Benefits over time

Once the agreement is developed, it significantly speeds up the time between agreeing sales in principle and signing off the contract. The level of negotiation is reduced, because it’s easy to focus just on the most important commercial points.

It demonstrates professionalism, enhances your credibility and empowers you when dealing with prospective and existing clients and suppliers. You also have the chance to let your marketing team dress the document in your favourite logos, fonts and colours etc.

It enhances your knowledgebase for dealing with your clients and/or suppliers. Although you may be asked to accept someone else’s agreement from time to time, it is likely to be less often. When this does occur, you will be much better equipped and capable to cope, by applying all your insights into their agreement to identify where any important changes are needed.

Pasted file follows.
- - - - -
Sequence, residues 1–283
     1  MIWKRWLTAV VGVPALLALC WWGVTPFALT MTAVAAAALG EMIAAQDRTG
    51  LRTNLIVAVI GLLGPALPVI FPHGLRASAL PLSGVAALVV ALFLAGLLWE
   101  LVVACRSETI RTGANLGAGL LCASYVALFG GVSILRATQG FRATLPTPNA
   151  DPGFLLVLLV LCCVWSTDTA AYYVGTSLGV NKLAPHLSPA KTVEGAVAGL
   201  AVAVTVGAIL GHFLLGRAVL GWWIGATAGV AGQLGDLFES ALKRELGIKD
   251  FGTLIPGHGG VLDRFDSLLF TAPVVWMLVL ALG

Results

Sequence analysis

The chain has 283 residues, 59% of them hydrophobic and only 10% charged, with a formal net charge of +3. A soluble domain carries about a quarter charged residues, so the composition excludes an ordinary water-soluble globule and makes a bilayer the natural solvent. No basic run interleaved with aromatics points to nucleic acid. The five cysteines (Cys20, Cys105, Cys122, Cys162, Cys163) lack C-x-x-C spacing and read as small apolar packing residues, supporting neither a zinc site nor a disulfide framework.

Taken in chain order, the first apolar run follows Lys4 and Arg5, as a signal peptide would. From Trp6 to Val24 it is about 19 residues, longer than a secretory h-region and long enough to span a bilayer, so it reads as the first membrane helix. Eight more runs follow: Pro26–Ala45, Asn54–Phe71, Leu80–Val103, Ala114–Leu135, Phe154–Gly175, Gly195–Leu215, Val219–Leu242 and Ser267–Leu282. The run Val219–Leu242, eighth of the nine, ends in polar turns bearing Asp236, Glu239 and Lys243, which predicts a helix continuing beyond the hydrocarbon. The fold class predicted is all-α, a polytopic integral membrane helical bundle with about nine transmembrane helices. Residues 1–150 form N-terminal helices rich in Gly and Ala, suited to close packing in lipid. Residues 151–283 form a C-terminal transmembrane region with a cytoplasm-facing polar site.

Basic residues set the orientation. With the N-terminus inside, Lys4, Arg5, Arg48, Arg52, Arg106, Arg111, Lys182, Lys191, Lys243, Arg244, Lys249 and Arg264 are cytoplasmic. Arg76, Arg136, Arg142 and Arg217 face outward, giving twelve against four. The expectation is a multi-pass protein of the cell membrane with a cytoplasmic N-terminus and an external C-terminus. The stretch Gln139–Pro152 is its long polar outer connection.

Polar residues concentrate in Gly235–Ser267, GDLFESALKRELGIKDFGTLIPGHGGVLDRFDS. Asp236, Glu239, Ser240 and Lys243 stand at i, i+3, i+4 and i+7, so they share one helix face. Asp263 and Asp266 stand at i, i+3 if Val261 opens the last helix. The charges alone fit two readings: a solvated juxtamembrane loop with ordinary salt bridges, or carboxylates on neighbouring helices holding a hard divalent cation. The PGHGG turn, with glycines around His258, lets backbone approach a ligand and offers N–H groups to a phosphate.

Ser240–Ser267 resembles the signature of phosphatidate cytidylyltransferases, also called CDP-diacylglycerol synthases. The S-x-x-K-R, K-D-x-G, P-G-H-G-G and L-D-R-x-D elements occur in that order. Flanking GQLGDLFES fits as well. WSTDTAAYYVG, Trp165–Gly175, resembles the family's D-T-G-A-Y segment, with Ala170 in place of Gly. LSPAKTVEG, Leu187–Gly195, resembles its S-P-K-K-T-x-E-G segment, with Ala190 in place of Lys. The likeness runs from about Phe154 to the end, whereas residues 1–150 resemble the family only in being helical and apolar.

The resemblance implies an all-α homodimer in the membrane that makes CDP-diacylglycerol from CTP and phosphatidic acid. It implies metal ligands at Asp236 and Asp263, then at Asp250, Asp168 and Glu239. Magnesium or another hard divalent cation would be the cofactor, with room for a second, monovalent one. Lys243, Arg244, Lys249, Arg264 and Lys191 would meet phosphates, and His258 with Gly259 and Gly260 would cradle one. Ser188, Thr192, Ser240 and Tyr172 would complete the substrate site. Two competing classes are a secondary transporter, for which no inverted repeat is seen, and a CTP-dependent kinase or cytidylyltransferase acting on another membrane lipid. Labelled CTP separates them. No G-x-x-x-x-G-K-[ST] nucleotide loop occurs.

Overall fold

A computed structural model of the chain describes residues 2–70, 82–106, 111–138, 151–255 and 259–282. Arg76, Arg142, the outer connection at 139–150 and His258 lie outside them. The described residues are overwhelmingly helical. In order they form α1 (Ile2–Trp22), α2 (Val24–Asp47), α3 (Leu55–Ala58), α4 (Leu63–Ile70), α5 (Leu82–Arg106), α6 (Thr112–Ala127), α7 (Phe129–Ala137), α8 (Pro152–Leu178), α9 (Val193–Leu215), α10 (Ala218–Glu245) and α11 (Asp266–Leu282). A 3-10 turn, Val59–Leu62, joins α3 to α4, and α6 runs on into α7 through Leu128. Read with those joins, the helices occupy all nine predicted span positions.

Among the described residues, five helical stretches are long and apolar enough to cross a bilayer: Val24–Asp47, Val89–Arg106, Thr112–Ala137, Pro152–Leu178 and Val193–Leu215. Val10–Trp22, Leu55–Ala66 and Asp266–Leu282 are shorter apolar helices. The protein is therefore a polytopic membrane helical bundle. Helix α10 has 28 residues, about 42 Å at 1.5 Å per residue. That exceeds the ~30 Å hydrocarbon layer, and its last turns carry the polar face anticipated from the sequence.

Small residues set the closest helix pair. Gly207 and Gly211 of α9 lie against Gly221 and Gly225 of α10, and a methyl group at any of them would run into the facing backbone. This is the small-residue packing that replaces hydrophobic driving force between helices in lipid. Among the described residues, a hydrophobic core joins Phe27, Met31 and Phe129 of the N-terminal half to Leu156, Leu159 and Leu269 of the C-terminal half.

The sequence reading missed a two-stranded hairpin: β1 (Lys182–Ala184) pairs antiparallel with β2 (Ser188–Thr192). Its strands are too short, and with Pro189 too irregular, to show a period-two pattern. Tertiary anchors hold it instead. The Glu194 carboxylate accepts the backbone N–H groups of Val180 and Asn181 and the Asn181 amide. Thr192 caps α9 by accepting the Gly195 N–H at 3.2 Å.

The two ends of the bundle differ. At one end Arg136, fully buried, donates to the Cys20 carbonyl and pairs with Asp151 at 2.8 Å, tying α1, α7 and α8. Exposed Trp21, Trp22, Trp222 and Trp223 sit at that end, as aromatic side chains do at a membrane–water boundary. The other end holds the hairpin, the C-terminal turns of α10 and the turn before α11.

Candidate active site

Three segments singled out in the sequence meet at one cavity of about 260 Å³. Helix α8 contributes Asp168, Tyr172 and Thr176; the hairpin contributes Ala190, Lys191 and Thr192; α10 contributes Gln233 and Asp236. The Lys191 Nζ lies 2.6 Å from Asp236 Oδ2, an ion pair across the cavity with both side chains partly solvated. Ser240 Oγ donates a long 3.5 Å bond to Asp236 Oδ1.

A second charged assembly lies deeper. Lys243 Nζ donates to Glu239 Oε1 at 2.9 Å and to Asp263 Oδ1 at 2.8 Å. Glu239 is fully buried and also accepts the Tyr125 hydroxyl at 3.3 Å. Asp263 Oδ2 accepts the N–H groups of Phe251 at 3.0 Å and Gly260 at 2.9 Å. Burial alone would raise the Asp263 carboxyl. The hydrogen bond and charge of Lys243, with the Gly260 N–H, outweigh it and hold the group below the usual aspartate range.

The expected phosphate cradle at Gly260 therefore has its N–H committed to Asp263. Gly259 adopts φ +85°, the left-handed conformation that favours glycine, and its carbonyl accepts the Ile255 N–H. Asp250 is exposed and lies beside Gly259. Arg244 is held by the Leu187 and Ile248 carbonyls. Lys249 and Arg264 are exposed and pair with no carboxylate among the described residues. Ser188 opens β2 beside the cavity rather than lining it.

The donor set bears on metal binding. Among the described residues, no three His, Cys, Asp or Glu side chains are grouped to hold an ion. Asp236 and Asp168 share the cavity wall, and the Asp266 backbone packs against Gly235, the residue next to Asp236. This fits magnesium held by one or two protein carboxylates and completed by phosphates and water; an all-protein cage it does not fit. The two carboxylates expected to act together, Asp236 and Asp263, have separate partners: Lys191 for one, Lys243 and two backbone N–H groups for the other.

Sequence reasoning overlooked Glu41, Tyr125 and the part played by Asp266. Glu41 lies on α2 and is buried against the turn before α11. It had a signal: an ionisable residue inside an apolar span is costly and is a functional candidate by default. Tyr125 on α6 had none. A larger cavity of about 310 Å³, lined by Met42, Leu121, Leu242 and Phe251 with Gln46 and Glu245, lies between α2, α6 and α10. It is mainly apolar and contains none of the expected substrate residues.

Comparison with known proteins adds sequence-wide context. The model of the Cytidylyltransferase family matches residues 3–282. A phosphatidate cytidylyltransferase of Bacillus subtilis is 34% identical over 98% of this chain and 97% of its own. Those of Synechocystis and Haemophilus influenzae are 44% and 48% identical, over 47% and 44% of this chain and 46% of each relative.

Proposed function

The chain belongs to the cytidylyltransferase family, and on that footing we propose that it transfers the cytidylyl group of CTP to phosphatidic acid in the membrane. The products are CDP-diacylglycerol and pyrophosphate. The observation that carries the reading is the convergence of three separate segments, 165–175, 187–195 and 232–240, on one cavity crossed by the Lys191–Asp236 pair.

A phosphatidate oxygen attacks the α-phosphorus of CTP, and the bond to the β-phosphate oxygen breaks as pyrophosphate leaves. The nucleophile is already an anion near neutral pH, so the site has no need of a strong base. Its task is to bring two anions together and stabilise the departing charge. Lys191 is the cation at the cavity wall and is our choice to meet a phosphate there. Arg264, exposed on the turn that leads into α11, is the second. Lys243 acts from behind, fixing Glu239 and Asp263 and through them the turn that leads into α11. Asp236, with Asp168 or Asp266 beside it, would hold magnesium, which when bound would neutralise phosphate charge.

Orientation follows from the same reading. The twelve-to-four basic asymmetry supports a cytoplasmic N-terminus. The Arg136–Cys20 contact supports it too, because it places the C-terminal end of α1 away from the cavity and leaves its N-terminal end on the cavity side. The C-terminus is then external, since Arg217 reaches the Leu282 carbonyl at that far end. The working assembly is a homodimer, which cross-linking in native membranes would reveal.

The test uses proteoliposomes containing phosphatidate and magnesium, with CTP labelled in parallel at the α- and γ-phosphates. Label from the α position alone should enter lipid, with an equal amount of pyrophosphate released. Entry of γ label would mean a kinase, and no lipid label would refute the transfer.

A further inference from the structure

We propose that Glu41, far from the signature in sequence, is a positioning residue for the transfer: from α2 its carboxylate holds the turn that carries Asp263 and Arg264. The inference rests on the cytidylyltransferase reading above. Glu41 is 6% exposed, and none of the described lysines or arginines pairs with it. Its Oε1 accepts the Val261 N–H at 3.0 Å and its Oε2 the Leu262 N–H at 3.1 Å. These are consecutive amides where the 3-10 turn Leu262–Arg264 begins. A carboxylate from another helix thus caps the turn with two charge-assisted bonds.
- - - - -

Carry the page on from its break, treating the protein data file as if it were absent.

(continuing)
And finally, for a large part of the agreement, it quickly proves its value in removing the ‘groundhog day’ feeling of having to renegotiate many of the same clauses with every significant client every time.

For help with any of this, please give us a call.

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Marie developed contracts for us which are professional and specific to our business and allow us to easily manage our relationships with very different clients and suppliers.

Kerry Quinn
Quinn Wilson Associates Limited